Beth contacted me in late August 2015, weeks after discovering that she had cancer—bilateral, concentric, invasive mixed mammary carcinoma to be exact. Her medical team had recommended a double mastectomy, which was scheduled for September 15. She wanted me to create photographs as keepsakes for her daughter, who was about to turn twelve. Beth was confident that she would beat the cancer, but she wanted her daughter to remember what she looked like before the surgery.
During our initial meeting, I proposed three photo sessions: one just prior to the surgery, one immediately after, and one at least a year after surgery. We both wanted to create something that reached beyond Beth’s initial need to document herself for posterity. We then spoke to breast cancer survivors and discovered that there is little post-operative support for women who have undergone mastectomies. We hoped that these photographs would serve as a resource for people to better understand the experience.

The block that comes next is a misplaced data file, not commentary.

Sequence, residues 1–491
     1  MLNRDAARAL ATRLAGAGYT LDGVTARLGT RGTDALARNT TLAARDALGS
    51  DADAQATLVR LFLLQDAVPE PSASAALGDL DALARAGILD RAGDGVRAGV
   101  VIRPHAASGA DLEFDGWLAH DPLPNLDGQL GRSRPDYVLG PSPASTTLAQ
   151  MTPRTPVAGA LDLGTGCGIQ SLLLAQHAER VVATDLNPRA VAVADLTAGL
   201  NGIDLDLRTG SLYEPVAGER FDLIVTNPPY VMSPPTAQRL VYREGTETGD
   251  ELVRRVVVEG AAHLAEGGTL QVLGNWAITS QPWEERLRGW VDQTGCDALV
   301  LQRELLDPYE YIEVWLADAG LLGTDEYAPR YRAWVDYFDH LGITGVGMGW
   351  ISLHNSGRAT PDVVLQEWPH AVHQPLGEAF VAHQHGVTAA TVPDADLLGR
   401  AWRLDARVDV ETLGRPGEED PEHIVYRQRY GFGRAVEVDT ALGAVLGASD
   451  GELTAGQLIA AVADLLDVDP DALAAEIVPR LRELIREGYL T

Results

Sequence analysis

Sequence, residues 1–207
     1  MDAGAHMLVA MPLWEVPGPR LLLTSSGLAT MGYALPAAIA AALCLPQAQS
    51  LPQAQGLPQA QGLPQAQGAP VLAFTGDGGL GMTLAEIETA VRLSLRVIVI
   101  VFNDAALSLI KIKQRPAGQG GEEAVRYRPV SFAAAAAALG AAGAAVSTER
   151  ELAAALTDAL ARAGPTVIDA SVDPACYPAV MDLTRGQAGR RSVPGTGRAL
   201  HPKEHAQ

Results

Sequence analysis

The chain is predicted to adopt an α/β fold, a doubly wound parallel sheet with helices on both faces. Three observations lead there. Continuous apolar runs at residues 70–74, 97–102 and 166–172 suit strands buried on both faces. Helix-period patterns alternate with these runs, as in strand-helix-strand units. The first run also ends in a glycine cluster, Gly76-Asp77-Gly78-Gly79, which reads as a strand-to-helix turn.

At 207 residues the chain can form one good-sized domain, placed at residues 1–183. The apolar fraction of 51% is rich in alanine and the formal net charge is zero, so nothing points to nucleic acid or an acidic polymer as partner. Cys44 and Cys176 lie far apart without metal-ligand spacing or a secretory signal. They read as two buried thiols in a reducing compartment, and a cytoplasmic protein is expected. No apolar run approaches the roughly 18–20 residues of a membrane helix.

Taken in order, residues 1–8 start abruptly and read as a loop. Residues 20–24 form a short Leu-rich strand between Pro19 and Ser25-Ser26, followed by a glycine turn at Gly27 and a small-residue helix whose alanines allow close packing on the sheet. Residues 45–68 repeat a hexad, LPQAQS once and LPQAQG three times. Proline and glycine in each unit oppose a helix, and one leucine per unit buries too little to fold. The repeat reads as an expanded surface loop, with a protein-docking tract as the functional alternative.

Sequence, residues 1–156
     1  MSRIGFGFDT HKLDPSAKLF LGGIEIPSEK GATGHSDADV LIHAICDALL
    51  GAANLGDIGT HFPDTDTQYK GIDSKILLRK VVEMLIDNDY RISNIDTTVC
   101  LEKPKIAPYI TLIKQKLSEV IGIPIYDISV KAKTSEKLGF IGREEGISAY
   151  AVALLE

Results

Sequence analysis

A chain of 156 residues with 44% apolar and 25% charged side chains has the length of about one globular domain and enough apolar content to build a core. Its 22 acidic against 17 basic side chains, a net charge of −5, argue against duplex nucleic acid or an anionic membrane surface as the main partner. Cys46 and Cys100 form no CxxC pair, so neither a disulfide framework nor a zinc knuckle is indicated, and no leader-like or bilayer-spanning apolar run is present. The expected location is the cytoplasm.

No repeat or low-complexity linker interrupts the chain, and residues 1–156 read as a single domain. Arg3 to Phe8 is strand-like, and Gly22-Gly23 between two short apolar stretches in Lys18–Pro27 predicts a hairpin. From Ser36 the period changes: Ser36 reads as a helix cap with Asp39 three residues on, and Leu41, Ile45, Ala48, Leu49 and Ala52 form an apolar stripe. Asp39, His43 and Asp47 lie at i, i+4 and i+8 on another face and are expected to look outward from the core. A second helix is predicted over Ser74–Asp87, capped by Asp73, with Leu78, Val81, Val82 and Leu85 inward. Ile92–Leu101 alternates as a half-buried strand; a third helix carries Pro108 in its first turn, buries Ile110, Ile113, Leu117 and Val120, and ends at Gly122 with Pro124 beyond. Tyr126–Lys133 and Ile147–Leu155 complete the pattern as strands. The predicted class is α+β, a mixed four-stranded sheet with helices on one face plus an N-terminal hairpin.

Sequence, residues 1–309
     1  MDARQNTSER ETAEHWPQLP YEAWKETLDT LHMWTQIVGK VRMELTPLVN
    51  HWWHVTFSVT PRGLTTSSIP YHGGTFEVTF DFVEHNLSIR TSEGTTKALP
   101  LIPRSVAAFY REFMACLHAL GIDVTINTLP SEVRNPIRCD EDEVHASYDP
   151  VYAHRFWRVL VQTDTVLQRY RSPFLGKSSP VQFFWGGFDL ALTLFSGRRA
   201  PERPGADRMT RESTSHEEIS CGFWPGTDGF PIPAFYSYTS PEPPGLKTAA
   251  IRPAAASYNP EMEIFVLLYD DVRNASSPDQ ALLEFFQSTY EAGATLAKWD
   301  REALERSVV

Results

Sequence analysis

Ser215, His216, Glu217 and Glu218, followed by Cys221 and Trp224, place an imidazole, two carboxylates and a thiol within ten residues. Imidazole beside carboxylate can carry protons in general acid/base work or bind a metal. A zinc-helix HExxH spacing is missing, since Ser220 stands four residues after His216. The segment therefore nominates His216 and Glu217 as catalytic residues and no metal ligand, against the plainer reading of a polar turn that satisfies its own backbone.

I was honored to be included in such an intimate, personal exploration, and moved to have received her trust with something so important and full of unknowns. I was also struck with Beth’s matter-of- factness about the situation. My impression was of someone very comfortable in her own skin, powerful, confident, and willing to explore and take chances. With this said, she did feel a certain amount of conflict about the attention she might receive and the notion of vanity that could be construed from such a project.
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